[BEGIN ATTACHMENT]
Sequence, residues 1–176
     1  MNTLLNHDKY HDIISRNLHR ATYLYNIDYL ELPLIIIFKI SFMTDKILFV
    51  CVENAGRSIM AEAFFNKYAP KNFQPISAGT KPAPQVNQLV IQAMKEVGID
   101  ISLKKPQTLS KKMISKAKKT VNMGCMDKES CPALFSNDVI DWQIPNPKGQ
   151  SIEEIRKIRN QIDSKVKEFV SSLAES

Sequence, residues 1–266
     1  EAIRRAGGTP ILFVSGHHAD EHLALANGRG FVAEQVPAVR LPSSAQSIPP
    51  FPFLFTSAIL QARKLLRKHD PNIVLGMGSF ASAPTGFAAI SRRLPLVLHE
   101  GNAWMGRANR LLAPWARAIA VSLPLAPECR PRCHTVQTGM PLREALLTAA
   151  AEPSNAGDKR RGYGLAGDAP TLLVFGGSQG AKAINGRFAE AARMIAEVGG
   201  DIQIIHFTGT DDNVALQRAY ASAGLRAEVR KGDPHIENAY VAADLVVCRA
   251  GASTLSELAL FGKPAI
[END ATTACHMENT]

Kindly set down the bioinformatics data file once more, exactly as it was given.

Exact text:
Sequence, residues 1–176
     1  MNTLLNHDKY HDIISRNLHR ATYLYNIDYL ELPLIIIFKI SFMTDKILFV
    51  CVENAGRSIM AEAFFNKYAP KNFQPISAGT KPAPQVNQLV IQAMKEVGID
   101  ISLKKPQTLS KKMISKAKKT VNMGCMDKES CPALFSNDVI DWQIPNPKGQ
   151  SIEEIRKIRN QIDSKVKEFV SSLAES

Sequence, residues 1–266
     1  EAIRRAGGTP ILFVSGHHAD EHLALANGRG FVAEQVPAVR LPSSAQSIPP
    51  FPFLFTSAIL QARKLLRKHD PNIVLGMGSF ASAPTGFAAI SRRLPLVLHE
   101  GNAWMGRANR LLAPWARAIA VSLPLAPECR PRCHTVQTGM PLREALLTAA
   151  AEPSNAGDKR RGYGLAGDAP TLLVFGGSQG AKAINGRFAE AARMIAEVGG
   201  DIQIIHFTGT DDNVALQRAY ASAGLRAEVR KGDPHIENAY VAADLVVCRA
   251  GASTLSELAL FGKPAI